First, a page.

In other ways, however, the debate over world order in the 1990s was remarkable. In retrospect, each of the big three correctly identified important historical forces shaping the international system. Even at a time when capitalism and democracy are uncertain, neither China nor Russia has produced a compelling, appealing alternative ideology to buttress its brand of authoritarian capitalism. Great power politics and the salience of military power remain core parts of world politics. The increased popularity of nativism, religious extremism, and populist nationalism highlight the role culture, religion, and identity continue to play. Combining the best insights of Fukuyama, Mearsheimer, and Huntington provides a powerful lens to understand world politics since the end of the Cold War.

Beyond the quality and correctness of their analysis, Fukuyama, Mearsheimer, and Huntington’s writings, and the debate they generated, reveal crucial qualities in short supply in today’s current intellectual environment.

First, all three developed big ideas about important questions. Each provided a powerful, parsimonious frame to understand the complex question of how world order worked and what caused war and peace. Even (especially?) when their arguments were wrong, they provided the foundation for a coherent, lively, and fruitful debate.

Second, their arguments engaged and were made in relation to one another. Mearsheimer wrote in reaction to Fukuyama’s emphasis of ideology over geopolitics, while Huntington’s prizing of culture, religion, and civilisation was a rebuke to both. In other words, their arguments were not made in a vacuum, but in the best spirit of intellectual engagement, generating a rich if at times contentious dialogue that was taken up by many others in the years that followed.

Third, they presented powerful arguments in clear, accessible prose. This is especially impressive given Fukuyama, Mearsheimer, and Huntington were accomplished scholars, whose essays were built on deep stores of evidence from a variety of disciplines and subfields, including political theory, international relations, diplomatic and military history, comparative politics, economics, and sociology. In other words, the big three were not writing only for each other and their disciplinary colleagues, but to reach a wider world.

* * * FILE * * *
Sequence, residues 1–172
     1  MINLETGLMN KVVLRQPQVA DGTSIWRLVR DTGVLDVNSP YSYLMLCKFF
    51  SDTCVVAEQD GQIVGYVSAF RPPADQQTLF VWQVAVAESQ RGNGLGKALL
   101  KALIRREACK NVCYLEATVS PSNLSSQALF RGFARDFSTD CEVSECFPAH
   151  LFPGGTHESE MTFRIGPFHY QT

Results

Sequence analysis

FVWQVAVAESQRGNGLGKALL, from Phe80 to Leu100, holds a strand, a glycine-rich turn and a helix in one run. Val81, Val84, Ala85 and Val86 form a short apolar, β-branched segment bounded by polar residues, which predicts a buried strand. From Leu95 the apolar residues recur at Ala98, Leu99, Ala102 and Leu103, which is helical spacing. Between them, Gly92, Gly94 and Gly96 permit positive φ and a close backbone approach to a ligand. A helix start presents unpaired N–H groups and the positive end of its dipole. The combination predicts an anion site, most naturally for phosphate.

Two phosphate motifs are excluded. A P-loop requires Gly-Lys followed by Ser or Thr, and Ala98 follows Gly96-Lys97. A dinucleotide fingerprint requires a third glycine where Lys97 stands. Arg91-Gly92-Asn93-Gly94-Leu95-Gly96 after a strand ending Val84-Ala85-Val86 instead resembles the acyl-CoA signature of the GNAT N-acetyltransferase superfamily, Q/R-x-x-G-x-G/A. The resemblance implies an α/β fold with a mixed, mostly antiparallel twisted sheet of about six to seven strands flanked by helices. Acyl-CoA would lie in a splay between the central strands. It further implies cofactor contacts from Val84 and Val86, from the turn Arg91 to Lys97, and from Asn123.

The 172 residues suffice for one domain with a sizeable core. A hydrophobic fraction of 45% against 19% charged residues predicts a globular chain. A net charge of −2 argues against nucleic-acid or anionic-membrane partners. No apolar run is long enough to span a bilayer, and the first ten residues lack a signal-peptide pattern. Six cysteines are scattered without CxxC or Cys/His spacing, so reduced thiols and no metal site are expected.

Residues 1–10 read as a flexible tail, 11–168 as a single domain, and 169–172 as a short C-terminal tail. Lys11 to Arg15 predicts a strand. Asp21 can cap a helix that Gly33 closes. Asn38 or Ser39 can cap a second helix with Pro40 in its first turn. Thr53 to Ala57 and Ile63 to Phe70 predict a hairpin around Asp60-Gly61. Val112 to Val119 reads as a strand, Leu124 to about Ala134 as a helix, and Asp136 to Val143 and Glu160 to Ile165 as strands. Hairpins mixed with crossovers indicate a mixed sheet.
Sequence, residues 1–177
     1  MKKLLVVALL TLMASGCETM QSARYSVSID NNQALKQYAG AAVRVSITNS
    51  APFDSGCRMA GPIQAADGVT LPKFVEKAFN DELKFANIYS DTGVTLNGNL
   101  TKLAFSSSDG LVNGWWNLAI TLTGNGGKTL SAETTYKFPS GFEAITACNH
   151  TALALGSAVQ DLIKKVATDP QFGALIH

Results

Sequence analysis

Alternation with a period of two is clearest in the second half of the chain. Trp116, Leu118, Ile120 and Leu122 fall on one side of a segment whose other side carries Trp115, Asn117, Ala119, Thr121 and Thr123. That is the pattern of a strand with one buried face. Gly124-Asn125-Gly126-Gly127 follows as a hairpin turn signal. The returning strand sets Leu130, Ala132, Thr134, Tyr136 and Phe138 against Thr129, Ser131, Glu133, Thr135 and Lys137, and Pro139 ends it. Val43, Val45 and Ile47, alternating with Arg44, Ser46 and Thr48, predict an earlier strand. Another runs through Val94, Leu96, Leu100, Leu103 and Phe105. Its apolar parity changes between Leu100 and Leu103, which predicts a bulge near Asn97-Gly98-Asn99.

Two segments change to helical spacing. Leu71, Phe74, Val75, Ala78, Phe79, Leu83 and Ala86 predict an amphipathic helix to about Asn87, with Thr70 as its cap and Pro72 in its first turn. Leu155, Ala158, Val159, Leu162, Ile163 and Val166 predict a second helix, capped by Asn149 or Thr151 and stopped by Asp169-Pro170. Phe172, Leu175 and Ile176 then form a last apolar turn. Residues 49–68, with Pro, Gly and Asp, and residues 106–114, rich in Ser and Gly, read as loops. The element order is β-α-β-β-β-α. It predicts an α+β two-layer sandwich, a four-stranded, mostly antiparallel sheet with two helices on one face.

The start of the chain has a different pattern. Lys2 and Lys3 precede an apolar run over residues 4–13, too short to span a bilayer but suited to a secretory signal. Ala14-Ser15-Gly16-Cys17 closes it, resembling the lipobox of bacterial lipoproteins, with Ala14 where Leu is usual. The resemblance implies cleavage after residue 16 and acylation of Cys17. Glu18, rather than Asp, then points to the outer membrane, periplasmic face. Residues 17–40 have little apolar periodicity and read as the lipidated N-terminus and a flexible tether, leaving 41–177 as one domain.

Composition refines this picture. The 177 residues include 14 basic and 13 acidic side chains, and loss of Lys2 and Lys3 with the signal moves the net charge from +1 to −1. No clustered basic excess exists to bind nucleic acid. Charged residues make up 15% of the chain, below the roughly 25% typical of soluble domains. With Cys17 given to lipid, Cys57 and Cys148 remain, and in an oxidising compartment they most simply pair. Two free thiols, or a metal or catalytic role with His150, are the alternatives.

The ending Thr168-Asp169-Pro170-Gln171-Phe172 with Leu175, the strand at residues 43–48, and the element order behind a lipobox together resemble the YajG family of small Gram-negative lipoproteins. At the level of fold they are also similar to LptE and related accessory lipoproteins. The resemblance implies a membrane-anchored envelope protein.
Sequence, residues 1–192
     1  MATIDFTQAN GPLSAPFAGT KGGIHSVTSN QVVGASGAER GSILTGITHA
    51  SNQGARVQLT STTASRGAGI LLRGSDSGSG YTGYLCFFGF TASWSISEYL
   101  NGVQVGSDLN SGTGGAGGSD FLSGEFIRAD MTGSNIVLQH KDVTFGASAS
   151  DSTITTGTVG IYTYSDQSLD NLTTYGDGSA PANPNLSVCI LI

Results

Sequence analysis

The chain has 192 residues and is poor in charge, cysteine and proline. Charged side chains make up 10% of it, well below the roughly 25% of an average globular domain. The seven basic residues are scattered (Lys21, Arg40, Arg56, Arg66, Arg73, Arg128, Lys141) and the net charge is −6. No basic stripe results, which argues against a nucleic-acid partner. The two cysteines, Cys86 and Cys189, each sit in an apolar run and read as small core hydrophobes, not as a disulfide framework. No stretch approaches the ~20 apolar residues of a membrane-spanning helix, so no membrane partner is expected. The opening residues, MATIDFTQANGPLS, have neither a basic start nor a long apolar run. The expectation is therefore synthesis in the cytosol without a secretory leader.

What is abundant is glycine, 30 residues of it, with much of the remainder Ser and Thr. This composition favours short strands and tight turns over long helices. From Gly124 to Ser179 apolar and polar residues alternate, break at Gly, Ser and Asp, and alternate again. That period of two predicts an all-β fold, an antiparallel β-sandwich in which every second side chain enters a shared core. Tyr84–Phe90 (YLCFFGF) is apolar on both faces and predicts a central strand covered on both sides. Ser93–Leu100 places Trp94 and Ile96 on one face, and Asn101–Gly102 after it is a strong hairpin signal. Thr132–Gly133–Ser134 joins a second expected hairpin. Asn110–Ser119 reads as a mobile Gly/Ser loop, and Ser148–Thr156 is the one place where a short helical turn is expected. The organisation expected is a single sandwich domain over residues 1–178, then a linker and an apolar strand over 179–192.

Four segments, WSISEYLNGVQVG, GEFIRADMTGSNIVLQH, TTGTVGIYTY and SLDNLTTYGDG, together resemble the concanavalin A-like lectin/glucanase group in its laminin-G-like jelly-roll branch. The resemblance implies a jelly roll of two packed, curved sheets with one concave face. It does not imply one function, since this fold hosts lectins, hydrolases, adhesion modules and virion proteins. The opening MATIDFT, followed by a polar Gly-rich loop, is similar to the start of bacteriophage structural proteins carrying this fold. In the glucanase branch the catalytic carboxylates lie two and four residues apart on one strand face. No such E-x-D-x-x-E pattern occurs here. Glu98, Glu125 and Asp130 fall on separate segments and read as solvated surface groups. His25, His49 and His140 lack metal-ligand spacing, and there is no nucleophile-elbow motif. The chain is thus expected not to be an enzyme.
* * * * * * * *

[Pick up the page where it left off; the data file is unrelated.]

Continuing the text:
Fourth, each presented their arguments in a way that was bound to attract the attention of decision-makers. Whether explicitly or implicitly, and for good and sometimes less so, there is little doubt that Fukuyama, Mearsheimer, and Huntington’s insights helped shape policies in capitals around the globe.

Unsettling changes in both our intellectual and policy landscape make it hard to imagine a similarly productive debate today. Some of this involves differences in the shifts in international relations we are currently experiencing. The change in world order in the late 1980s and early 1990s was sharp, sudden, and clear, creating an indisputable new reality for all to see, like when the film The Wizard of Oz shifts from black and white to colour. This is often the case when major wars end or empires suddenly collapse.

Today’s shift is cloudier, more uncertain, less shaped by a key geopolitical event than by powerful if often hidden tectonic forces. In that way, today’s transformation may be more like other periods driven more by socio-economic and technological rather than political forces, more similar to the 1820s and the upheaval wrought by industrialisation; to the 1890s, molded by demographic pressures, urbanisation, immigration and imperialism, and emerging mass politics; and the 1970s, with revolutions in finance and telecommunications married to a rights revolution. These changes were profound but unlike the collapse of the Soviet empire, hard to recognise and evaluate as they were taking place.

There are other reasons it is hard to imagine a similar dialogue today. The digital revolution has massively expanded the number, diversity, and reach of voices participating in important debates. This should be a positive development. Ironically, however, and for reasons we don’t fully understand, intellectual debate is more polarising and vituperative than ever. Spirited, cumulative, and constructive engagement across disciplines and worldviews is increasingly elusive. Big, bold ideas are often mocked. Academics increasingly write for each other, and the academy and the policy world are, in some ways, more distant than ever. While Huntington was a senior scholar when he wrote ‘Clash of Civilizations?’, both Fukuyama and Mearsheimer were relatively early in their academic careers when they presented their path-breaking ideas to the world. It is hard to imagine today’s young scholars taking similar risks.

Reversing this situation is essential if we are to generate the innovation and new ideas needed to navigate our uncertain global landscape. Revisiting the ideas and debates about world order in the early 1990s might not only provide substantive content for such a discussion. It could also reveal how best to inspire and disseminate the kind of big, bold, serious ideas that Fukuyama, Mearsheimer, and Huntington advanced, and to create the conditions for an equally spirited and influential to better understand our own changing world.


Francis J. Gavin